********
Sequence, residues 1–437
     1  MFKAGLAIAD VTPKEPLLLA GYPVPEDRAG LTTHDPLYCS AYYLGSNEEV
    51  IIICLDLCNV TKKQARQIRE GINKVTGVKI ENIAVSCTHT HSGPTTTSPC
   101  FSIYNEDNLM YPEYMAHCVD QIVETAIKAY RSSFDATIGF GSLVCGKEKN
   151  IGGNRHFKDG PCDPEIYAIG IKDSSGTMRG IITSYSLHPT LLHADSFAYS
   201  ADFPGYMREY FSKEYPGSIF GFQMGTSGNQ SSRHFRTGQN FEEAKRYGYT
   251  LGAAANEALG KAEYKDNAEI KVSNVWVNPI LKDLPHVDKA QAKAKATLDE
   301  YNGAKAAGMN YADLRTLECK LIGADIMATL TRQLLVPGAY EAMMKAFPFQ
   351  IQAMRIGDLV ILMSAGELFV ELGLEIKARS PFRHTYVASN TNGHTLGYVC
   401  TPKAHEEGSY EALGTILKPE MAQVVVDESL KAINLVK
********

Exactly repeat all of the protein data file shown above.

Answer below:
Sequence, residues 1–437
     1  MFKAGLAIAD VTPKEPLLLA GYPVPEDRAG LTTHDPLYCS AYYLGSNEEV
    51  IIICLDLCNV TKKQARQIRE GINKVTGVKI ENIAVSCTHT HSGPTTTSPC
   101  FSIYNEDNLM YPEYMAHCVD QIVETAIKAY RSSFDATIGF GSLVCGKEKN
   151  IGGNRHFKDG PCDPEIYAIG IKDSSGTMRG IITSYSLHPT LLHADSFAYS
   201  ADFPGYMREY FSKEYPGSIF GFQMGTSGNQ SSRHFRTGQN FEEAKRYGYT
   251  LGAAANEALG KAEYKDNAEI KVSNVWVNPI LKDLPHVDKA QAKAKATLDE
   301  YNGAKAAGMN YADLRTLECK LIGADIMATL TRQLLVPGAY EAMMKAFPFQ
   351  IQAMRIGDLV ILMSAGELFV ELGLEIKARS PFRHTYVASN TNGHTLGYVC
   401  TPKAHEEGSY EALGTILKPE MAQVVVDESL KAINLVK